• In early middle school, the physical presence and over protection of paraeducators hindered natural social skills development which led to social dependence and distancing of participants from their peers. 
    • “An abundance of care, based in stifling benevolence restricted the development of naturally occurring social engagement with peers and the development of meaningful self-direction. In protecting the participants from what paraeducators perceived to be potentially harmful exchanges with peers, the outcome was ethically questionable, negative (traumatizing) support over the longer term.”
  • “Toward late middle school, participants found themselves negotiating relational boundaries to gain independence yet preserve beneficial interdependence.”
  • In high school, participants often felt abandoned through the loss of their paraeducator support.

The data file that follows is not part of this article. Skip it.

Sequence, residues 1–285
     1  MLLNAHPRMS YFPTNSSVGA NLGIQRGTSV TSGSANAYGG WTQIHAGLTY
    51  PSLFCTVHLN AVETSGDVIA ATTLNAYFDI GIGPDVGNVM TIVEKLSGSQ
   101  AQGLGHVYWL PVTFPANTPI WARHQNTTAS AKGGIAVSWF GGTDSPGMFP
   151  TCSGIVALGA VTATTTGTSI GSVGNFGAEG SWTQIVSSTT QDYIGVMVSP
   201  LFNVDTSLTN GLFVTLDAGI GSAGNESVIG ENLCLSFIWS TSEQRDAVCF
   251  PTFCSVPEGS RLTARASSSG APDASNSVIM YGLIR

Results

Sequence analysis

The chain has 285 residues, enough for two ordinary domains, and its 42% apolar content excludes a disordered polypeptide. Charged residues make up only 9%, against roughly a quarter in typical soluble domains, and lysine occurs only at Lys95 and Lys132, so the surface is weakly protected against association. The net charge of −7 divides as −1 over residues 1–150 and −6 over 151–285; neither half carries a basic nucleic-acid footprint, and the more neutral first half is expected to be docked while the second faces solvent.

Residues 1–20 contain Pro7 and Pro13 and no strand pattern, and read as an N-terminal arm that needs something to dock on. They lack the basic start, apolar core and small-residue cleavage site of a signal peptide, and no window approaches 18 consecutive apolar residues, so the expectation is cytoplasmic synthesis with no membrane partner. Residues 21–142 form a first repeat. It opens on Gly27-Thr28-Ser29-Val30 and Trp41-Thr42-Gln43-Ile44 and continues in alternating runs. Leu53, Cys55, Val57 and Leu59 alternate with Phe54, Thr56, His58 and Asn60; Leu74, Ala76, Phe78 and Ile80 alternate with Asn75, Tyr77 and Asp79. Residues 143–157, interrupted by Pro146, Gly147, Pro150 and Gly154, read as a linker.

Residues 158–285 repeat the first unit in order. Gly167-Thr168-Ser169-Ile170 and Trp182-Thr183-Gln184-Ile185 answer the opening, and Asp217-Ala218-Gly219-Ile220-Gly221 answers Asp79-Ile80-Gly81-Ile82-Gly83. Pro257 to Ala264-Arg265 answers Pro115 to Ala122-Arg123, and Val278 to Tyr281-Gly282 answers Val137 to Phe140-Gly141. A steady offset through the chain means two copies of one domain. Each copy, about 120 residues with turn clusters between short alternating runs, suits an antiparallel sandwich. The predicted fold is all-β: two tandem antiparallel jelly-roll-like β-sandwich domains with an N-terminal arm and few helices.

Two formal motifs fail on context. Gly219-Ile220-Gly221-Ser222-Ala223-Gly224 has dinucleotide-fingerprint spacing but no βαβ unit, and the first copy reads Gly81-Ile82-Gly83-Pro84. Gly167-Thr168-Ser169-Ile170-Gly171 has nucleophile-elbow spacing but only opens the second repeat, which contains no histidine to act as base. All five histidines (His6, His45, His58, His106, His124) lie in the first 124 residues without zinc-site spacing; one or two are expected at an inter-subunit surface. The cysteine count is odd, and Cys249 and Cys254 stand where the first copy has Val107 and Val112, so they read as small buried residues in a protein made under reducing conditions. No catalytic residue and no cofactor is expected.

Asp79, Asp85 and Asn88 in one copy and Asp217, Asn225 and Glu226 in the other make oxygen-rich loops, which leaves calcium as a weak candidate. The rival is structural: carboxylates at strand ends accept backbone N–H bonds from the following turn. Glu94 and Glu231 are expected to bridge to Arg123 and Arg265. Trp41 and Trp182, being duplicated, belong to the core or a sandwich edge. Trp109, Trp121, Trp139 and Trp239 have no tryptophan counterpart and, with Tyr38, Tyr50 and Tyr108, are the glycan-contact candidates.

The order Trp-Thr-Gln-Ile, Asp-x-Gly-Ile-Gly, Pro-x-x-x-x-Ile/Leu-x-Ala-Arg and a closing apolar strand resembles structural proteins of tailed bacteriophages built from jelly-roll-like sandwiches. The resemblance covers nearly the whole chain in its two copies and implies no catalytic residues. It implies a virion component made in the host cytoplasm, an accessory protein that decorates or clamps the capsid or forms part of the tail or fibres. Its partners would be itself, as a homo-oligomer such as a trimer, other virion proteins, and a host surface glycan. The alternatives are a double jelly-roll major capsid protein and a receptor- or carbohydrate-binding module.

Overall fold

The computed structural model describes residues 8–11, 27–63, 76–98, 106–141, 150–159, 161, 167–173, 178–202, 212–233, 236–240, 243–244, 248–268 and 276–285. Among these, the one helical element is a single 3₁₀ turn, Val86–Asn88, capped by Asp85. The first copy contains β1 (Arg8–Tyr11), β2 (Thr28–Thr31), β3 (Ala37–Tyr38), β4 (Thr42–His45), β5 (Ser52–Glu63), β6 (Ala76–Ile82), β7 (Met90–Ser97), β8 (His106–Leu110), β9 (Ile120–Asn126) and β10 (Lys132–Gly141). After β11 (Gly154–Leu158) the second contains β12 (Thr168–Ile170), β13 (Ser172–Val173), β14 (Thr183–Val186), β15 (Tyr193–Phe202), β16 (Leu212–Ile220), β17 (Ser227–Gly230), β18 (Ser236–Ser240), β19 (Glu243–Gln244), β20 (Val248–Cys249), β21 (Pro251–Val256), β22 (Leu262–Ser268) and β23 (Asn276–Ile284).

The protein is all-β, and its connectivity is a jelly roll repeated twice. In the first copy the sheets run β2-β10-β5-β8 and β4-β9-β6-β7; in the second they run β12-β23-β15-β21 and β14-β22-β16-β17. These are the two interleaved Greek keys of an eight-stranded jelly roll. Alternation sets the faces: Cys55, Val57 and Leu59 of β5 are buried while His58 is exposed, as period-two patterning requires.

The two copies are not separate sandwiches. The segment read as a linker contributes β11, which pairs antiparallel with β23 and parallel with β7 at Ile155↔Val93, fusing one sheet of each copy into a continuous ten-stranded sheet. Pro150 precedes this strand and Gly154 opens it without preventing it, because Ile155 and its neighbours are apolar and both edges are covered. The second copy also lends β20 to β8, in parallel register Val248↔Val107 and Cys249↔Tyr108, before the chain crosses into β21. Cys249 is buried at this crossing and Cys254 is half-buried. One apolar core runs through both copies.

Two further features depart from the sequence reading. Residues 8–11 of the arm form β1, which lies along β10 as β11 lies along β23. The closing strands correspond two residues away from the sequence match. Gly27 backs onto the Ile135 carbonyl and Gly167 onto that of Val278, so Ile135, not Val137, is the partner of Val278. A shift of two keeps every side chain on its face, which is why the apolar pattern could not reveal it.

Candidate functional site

Participants recommended that paraeducators should provide meaningful strategies for participation, especially in the elementary years. In upper elementary and middle school years paraeducator support should be discretionary, with the students and their guardians determining what supports are required. This should be done in order to facilitate and ease the transition to high school where students will have the greatest need for autonomy. 

It is also important to recognize and reflect on that everyday paraeducator practices could be “disability affirming or reproduce disability as a negative way of being in the world.” Paraeducator practice and support should also be conducted in a way that does not suppress the development of natural social networks, allowing for students to access the skills needed to seek peer support.  

Finally the provision of paraeducator support for physical education “beyond the elementary school should be negotiated with the students and their families with ample opportunities for re-evaluation of needs and roles.” When this support is removed it should be done in a way that does not cause feelings of abandonment and isolation for students who have become socially dependent. Ultimately, students should have an input in the “spaces, times, activities, and roles paraeducators assume.”

Summarized Article: